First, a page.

We interrupt Friday’s Foto Fun for an important announcement and a question. No wait, you can’t have Friday without a little fun, so here goes:
OK. That was double the fun.
Here’s the announcement: Sherlock is coming to visit me and The Dad Peep for DAYS in April. I’m not talking about an overnight, I’m talking about MULTIPLE DAYS after which he will NOT be returning home because we’re planning to puppy-nap him. (Don’t tell anybody.) So get ready for some Sherlock.
Now, we need your help. Some advice. And recommendations. As you know, Sherlock is just a wee lad. He hasn’t even had all of his shots yet. Including his rabies shots, which he’ll need before he can go to a groomer.
But, he’s quite the fluff ball. In fact, I wonder if he can see out of all that fluff! So, my Scottie friends, what should we do about his coat? His peeps are wondering if they should start stripping now, which I can help them do. And we’re all wondering if we should take some scissors to his face. Yikes! The Dad Peep and I gave his peeps Stuart’s grooming table, so he’s been on it to get familiar with it, but that’s about it. What a mess!!!
Thoughts? Suggestions? Ideas?
I’d call a groomer or your vet and ask what to do.
Ok, personally, I like all that fluff when they are tiny. So adorable!! It’s like short britches on little boys. But that’s just me!
We have Scotties! Idaho winters can get brutally cold so we have a full wardrobe of jackets and warm gear for our fuzzy friends. We got ours from the pet store but there are lots of great tutorials online for turning toddler sweatshirts into puppy sweaters. Good luck and post lots of photos!!!
LOVE the picture of Stuart with the red tartan jacket and motarboard hat! Is he really pulling that
Gus and McDuff were mature adults when I got them from Scottie rescue, so I can’t offer any advice about Sherlock’s puppy fur. Calling a groomer as Susan K. Buettner suggested is a good idea.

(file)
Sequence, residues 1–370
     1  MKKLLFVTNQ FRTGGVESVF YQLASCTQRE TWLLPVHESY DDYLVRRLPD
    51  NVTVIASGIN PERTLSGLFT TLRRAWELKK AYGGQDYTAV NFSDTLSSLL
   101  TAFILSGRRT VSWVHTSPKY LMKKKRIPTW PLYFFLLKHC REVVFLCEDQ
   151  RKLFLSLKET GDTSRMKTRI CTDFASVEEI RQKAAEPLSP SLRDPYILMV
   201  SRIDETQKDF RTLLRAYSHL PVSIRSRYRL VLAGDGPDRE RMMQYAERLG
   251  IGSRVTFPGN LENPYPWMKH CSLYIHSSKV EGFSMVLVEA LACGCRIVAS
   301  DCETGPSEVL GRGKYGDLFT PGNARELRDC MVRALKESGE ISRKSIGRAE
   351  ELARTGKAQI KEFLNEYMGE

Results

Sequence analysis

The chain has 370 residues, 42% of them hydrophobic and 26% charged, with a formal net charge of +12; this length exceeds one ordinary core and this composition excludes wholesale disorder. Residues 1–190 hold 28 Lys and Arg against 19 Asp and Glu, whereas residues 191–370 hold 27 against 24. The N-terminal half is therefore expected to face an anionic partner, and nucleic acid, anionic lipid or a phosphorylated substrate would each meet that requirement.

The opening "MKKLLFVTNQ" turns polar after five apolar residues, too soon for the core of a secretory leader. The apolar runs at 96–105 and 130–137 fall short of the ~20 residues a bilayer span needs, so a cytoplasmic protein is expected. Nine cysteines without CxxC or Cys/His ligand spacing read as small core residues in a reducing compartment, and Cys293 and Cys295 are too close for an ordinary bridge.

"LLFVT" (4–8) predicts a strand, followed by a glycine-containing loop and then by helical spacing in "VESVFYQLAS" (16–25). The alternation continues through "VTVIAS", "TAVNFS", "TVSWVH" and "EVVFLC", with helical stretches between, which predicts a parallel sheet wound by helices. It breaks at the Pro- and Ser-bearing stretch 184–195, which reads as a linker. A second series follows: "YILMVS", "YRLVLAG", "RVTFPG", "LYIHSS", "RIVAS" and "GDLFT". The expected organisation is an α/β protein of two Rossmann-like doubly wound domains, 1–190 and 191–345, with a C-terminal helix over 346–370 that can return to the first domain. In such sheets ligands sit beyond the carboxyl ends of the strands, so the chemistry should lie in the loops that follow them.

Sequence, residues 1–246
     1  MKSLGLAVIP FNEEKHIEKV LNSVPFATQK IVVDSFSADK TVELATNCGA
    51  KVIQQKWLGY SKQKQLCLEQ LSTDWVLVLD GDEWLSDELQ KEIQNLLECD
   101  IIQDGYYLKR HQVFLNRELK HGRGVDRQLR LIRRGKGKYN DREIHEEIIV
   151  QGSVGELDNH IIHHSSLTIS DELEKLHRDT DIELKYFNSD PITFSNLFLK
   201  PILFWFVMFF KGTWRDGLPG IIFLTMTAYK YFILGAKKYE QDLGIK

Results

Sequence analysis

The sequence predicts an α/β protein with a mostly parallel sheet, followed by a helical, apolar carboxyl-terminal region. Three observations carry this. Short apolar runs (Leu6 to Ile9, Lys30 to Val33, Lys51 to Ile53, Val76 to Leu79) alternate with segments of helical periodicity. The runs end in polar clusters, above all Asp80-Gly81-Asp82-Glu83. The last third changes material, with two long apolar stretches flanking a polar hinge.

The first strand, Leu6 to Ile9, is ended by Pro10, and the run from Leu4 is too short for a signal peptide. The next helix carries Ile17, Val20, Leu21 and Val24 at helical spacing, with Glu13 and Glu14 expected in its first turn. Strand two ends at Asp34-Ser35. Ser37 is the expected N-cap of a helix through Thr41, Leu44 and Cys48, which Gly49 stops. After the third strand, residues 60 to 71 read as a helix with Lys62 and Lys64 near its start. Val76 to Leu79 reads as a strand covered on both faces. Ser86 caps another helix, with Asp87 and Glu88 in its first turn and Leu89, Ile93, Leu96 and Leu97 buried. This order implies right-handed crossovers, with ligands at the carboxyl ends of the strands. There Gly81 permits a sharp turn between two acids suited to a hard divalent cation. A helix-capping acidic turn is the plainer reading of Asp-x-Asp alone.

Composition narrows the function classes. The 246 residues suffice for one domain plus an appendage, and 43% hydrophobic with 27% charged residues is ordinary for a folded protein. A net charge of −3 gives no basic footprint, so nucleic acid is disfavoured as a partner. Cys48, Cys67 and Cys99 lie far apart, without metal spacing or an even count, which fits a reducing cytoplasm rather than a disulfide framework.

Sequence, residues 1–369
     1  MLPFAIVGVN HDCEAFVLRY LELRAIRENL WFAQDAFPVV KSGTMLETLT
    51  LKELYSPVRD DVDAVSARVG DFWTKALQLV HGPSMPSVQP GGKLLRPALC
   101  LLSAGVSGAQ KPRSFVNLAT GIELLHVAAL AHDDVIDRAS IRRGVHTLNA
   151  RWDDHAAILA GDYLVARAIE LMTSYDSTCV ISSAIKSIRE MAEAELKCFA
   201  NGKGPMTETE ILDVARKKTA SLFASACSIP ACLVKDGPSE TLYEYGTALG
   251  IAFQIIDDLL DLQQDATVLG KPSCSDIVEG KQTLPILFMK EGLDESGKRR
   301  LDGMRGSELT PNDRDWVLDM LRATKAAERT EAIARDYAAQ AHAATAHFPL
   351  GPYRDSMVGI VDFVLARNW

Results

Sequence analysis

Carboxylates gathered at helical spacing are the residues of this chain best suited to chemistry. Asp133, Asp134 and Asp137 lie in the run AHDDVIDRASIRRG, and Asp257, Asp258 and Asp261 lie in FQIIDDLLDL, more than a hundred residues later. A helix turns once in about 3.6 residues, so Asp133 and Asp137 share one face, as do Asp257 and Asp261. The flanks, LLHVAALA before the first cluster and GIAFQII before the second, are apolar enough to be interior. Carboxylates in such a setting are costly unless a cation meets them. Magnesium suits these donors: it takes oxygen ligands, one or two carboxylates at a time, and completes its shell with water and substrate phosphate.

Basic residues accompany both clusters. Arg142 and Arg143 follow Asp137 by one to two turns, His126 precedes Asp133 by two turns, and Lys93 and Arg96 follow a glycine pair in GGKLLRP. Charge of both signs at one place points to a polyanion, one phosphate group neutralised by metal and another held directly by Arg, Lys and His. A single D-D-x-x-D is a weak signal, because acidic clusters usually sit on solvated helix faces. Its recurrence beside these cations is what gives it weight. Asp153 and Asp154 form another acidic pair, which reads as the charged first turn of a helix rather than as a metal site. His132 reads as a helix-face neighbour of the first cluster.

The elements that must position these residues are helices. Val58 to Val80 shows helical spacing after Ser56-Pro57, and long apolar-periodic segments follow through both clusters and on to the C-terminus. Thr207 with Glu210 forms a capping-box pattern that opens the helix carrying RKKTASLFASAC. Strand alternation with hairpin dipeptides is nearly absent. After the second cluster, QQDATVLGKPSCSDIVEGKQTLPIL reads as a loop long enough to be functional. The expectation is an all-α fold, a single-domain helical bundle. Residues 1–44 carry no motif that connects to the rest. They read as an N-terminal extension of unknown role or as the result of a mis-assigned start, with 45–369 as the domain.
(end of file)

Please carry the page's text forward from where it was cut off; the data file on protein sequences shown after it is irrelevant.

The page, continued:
Would you take pictures or a video of Sherlock’s transformation so we can see him before and after? What a hoot that would be!
Bet you’re so excited! Enjoy your visit with him!
My mom always watches videos at YouTube when she needs questions answered about groomies.
Got Callie in July at 4 months; loved her fluffy hair and face… but alas by 7 months we got her groomed – wanted her to look like a scottie when we went to the Rescue Parade that October.
BUT think you should just enjoy Sherlock the way he is and cuddle him night and day and ask him for help in finding a Scottie or two to live with you. ARooooo.. Mommy
I know a number of people who breed Westies for show, including the woman who grooms our Westie and Scottie (though she no longer breeds Westies, she has many “clients” she grooms), and all of them get the puppies “up on the table” very early to get them used to being groomed. Because show Westies are only hand-stripped, that means this also starts early. Our groomer is always excited when she gets a new “client” who’s a puppy. I will ask and add new comments if I get some specific, useful suggestions.